Used medicinally for thousands of years since the times of ancient Greece, chamomile is still a popular treatment for many ailments.
A favorite for upset stomachs and trouble sleeping, this herb is gentle enough for people of all ages, yet powerful enough to have a true and noticeable effect.
Chamomile is also an herb of many uses, which makes it an excellent remedy to have on hand at all times, for when in doubt, try it out!
Some of the most common conditions that may be treated with chamomile include trouble sleeping, anxiety, digestion/intestinal issues such as cramping, bloating, and nervous stomachs, skin infections/inflammation (especially eczema), colic in infants, teething pains, and diaper rash among many others.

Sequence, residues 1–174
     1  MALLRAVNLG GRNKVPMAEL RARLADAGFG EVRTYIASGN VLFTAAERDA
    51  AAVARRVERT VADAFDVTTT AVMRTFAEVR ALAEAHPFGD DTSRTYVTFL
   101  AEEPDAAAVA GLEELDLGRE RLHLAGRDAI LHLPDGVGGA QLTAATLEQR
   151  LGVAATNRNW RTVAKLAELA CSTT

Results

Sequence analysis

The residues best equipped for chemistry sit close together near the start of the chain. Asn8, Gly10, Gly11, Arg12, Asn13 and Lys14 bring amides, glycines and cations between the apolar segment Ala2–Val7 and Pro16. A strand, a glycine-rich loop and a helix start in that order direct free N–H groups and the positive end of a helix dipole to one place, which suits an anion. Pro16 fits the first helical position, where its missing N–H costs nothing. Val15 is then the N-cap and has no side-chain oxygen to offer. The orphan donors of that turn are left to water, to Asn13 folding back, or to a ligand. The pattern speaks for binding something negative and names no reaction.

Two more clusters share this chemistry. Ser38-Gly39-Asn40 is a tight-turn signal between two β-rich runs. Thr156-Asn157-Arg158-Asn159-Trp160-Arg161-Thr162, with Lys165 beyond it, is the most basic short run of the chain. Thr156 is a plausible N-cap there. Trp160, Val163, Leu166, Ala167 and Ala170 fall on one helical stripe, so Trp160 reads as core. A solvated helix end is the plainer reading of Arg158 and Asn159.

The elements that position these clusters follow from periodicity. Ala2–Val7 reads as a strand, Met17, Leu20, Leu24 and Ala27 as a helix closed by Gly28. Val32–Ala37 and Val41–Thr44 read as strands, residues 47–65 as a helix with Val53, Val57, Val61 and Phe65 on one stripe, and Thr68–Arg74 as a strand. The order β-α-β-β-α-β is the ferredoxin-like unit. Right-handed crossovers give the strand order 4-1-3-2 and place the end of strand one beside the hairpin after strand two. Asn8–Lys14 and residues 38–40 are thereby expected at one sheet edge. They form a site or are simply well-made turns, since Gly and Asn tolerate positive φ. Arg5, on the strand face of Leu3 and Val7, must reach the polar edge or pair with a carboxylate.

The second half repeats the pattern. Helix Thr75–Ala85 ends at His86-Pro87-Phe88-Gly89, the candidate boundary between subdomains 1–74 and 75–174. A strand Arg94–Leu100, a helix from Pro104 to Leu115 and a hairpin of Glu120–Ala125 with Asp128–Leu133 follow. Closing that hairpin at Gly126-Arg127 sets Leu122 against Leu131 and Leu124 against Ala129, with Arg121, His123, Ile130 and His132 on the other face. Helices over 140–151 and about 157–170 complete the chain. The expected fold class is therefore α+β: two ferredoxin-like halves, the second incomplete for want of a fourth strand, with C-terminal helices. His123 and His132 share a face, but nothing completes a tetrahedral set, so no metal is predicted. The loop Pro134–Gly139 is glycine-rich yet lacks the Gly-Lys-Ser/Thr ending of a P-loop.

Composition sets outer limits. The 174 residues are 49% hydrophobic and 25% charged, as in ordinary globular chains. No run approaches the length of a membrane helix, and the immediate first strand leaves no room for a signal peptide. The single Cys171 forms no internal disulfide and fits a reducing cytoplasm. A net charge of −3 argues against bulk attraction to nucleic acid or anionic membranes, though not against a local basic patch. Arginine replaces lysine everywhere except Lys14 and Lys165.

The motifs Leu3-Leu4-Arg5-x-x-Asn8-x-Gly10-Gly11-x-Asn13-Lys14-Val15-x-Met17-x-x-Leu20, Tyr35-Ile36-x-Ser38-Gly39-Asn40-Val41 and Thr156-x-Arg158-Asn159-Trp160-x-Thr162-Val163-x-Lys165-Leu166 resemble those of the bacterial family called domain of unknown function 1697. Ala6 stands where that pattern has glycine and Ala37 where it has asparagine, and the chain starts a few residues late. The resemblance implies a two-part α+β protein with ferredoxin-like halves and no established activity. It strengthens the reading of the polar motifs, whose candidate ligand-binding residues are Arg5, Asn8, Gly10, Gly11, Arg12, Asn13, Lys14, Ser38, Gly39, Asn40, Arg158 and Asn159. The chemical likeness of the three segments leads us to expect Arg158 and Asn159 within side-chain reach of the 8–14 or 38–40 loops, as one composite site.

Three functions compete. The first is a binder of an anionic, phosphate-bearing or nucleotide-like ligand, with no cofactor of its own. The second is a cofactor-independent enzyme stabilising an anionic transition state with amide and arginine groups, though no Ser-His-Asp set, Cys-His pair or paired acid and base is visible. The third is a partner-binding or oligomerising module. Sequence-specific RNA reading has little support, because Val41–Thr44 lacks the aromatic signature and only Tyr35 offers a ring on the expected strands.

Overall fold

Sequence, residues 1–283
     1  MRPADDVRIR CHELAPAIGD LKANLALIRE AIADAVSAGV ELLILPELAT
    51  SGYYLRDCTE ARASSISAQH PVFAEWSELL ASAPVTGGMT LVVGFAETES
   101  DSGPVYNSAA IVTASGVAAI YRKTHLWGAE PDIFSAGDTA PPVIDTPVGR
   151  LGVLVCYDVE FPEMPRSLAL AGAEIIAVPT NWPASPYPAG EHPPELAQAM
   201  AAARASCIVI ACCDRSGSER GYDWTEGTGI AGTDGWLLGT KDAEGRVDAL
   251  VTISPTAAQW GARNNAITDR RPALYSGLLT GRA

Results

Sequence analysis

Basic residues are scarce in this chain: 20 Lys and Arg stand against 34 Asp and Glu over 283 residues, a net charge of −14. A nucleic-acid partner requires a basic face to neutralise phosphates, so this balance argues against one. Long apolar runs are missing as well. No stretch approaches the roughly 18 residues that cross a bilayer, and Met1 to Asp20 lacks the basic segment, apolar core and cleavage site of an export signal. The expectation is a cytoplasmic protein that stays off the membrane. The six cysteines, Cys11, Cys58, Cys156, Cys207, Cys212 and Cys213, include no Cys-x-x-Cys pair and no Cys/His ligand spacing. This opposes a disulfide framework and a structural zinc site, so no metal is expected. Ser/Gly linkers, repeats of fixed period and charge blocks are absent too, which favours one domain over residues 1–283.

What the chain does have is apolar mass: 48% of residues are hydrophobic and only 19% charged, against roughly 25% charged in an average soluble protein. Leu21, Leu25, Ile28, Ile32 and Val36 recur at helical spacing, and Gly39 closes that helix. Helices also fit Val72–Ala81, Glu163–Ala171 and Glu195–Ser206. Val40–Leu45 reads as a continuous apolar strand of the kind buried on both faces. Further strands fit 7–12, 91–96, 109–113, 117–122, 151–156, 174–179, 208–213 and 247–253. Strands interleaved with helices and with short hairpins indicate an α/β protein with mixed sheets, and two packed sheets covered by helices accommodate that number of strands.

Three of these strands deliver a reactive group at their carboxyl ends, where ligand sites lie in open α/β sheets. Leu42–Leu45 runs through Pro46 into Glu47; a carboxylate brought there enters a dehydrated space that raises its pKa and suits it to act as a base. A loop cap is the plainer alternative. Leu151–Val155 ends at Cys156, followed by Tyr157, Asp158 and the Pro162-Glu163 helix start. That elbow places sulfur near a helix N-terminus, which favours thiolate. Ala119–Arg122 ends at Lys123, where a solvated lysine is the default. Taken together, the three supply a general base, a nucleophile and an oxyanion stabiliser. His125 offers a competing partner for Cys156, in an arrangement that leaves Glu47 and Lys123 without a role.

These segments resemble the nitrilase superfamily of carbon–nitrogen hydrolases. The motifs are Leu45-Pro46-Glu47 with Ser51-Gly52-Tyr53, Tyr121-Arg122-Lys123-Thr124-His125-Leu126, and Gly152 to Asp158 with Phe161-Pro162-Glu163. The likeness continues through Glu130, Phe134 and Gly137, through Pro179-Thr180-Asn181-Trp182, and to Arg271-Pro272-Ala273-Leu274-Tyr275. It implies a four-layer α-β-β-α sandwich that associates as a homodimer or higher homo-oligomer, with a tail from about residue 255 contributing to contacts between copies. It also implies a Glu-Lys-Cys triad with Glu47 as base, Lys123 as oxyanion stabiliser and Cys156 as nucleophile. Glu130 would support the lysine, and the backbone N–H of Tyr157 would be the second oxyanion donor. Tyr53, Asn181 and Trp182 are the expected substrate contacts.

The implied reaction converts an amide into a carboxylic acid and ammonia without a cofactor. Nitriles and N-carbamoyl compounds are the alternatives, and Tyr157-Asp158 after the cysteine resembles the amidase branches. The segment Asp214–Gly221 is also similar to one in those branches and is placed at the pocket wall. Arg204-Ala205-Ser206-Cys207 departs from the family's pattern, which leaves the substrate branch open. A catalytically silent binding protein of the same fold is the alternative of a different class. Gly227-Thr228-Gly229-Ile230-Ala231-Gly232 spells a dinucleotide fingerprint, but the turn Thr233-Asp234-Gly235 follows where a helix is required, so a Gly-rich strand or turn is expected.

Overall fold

In magical traditions, chamomile is said to attract love and prosperity.
Latin Name: Anthemus ( or Chamaemelum) nobile (Roman Chamomile), Matricaria recutita (German Chamomile)
Family: Asteraceae (Daisy Family)
Parts Used: Flower
Energetics: Bitter, sweet, neutral, moist
Actions: Analgesic, anodyne, antibacterial, anti-fungal, anti-inflammatory, antihistamine, antioxidant, antiseptic, antispasmodic, aromatic, carminative, diaphoretic, digestive, emetic (in large doses), febrifuge, nervine, sedative, stomachic, tonic, vulnerary
Key Constituent: Coumarins, flavonoids, glycosides, sesquiterpenes, tannins, quercetin, volatile oils (Chevallier, 2000; Hoffmann, 2003).
Preparation & Dosing:
Cautions: Chamomile is generally considered safe but may cause allergic reactions in individuals sensitive to ragweed. Avoid therapeutic doses during pregnancy, a simple cup of tea is fine.